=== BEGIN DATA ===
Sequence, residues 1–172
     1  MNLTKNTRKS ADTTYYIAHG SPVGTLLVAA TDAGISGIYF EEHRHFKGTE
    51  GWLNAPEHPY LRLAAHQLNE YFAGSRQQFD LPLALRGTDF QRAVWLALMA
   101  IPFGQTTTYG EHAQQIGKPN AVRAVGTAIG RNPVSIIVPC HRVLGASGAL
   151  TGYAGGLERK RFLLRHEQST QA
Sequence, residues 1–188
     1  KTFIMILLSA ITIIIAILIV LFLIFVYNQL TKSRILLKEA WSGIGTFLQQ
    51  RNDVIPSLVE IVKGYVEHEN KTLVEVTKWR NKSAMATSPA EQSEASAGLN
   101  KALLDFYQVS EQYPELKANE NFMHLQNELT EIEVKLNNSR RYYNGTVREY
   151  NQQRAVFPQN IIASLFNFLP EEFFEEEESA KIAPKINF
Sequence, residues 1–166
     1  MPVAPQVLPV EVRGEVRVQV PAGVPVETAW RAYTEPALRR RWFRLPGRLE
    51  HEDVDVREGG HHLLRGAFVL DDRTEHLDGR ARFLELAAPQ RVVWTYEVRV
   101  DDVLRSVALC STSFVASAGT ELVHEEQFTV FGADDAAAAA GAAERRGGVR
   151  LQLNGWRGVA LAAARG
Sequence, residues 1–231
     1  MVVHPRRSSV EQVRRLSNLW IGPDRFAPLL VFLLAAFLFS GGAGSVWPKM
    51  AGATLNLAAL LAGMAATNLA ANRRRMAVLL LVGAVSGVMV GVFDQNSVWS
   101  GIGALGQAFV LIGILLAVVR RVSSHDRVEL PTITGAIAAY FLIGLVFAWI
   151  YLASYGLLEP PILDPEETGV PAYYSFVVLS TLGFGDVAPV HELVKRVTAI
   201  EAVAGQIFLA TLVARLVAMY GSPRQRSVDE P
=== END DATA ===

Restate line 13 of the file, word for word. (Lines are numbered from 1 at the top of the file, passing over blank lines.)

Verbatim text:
    51  HEDVDVREGG HHLLRGAFVL DDRTEHLDGR ARFLELAAPQ RVVWTYEVRV